There is no better race. There are no best minds. And there are no entitlements to certain people because of the culture that produced them. However, history has presented quite a few others who erroneously embrace a totally different tenet. They have sipped on a rather archaic brew that has affected their thoughts and temperament, and has led them to believe that because of the color of their skin, their ethnicity, their social class, their genetic construct, cultural setting, or their political party alignment, that they are privy to exploit at will. This is all indicative of a mindset that is yet stuck on mundane methods and matters; post Civil War-plantation-1940s, 1950s and 1960s-master-servant kind of thinking. 

Where was the emergency financial manager during the March? Is he not a recipient of the sacrifice of Dr. King and others who fought and died for his civil rights? Where was the lame duck session-back-door-dealing governor on this historic day? Could he not face a crowd whose democracy he has stolen? Where were the conspicuously missing City Council members who were perhaps too young and unattached to have marched 50 years ago, but have become  too unpopular to even express a gesture of gratitude to their forefathers by taking just a few steps with fellow Detroiters? 

Where were the vestured pastors whose parishioners are victims of the diabolical deeds of those  who occupy public office? Do they not know that by their apathy they indirectly participate in the conspiracy to repress and suppress our democracy? Are they yet that impervious to the takeover of Detroit? Do they yet have no political courage? Was Rev. C.L. Franklin and Dr. King, organizers of the 1963 march, not fellow preachers? 

Our contemporary civil rights pioneers were there — protégés and contemporaries of Dr. King, including Rev. Jesse Jackson, Rev. Al Sharpton, Dick Gregory, Tony Brown, Congressman John Conyers, and chief organizer of the Commemorative March, Rev. Wendell Anthony, just to mention a few, who took it personally enough to honor history and challenge the future, by marching...again. They had no problem walking the heat-laden landscape on a sun-baked day to say to Detroit and to America, we’re still dreaming.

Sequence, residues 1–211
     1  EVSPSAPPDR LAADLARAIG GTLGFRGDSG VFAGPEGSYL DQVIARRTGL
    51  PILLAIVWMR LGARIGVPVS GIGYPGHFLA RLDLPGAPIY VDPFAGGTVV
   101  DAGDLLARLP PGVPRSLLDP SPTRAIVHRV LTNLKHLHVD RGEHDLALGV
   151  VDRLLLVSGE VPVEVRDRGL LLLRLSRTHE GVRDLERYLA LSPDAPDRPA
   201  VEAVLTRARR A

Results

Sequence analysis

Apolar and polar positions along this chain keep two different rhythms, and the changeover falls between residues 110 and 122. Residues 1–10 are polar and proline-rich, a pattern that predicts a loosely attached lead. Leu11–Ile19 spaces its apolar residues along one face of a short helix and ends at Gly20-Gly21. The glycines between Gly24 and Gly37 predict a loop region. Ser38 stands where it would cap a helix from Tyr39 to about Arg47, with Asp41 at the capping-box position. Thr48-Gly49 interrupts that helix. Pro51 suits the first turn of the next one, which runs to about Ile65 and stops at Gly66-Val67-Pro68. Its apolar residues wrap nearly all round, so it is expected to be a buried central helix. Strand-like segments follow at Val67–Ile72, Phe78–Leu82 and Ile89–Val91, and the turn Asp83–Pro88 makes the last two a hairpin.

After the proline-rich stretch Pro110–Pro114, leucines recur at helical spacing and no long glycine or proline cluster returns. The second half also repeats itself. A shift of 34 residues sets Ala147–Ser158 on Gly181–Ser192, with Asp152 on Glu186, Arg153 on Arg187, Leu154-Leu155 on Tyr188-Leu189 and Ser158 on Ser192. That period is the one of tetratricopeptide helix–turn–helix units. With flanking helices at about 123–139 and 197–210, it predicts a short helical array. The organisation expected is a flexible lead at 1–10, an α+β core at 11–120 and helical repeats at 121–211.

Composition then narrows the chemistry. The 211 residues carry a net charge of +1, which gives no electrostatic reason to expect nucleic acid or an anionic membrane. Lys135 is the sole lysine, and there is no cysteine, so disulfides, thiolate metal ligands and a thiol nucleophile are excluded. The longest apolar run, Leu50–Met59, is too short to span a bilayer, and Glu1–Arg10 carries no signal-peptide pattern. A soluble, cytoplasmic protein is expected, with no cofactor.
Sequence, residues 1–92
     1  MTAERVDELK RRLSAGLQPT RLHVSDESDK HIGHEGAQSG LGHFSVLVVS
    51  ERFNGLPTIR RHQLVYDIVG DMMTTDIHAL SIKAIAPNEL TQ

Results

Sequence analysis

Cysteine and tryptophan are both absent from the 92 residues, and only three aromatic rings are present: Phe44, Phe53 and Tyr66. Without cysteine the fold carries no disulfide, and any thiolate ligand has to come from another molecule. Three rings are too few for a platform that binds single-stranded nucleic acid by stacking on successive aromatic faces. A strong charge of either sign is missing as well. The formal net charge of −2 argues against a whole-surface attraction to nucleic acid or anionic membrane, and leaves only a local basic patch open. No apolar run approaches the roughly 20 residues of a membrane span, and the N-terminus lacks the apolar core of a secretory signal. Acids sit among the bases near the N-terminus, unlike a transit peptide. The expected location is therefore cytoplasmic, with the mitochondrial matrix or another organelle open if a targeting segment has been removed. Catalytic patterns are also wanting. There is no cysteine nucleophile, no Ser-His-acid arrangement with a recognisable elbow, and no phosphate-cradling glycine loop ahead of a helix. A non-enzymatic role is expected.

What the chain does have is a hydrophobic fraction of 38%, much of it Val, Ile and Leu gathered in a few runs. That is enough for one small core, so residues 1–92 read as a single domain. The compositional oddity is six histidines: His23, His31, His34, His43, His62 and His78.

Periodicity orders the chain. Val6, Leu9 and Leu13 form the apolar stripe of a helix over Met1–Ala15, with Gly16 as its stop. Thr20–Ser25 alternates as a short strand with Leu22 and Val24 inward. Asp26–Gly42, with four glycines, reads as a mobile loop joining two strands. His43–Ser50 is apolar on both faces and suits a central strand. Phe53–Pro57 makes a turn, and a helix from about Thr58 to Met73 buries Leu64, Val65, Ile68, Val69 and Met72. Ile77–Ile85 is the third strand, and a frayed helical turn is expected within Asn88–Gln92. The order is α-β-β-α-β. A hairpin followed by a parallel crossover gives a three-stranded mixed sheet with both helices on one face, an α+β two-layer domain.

Fifty years ago, in that same “I Have A Dream” speech, Dr. King demonstrated the practical way to freedom and democracy and declared, “This political disposition and social cancer will only be defeated through determined pressure.” 

Talk is cheap. Unprofitable professions and proclamations of all to many who say one thing and do another, doesn’t help the cause.  People who only utter empty, hollow, fruitless, and empty articulated commitments are still in “the ‘dream.”

We must be determined to exhibit a determined pressure, that we may preserve the great changes in our history, and for that matter, our future,  and to keep following generations from repeating history and digressing into another era wherein people of minority-ranks run the risk of becoming further exploited, manipulated, and taken advantage of by the sordid, sinister, and satanic systems of society. 

We have to indeed exhibit a determined pressure! We’re all on common ground. We can live together. We can work differently. We can worship together, and we can walk together, because God has put us all here together. 

In the words of James Weldon Johnson, “Let us march on till victory is won.”

New Listings

1. Fellowship Chapel U.C.C.
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    Telephone: (313)347-2820
    First Name: Wendell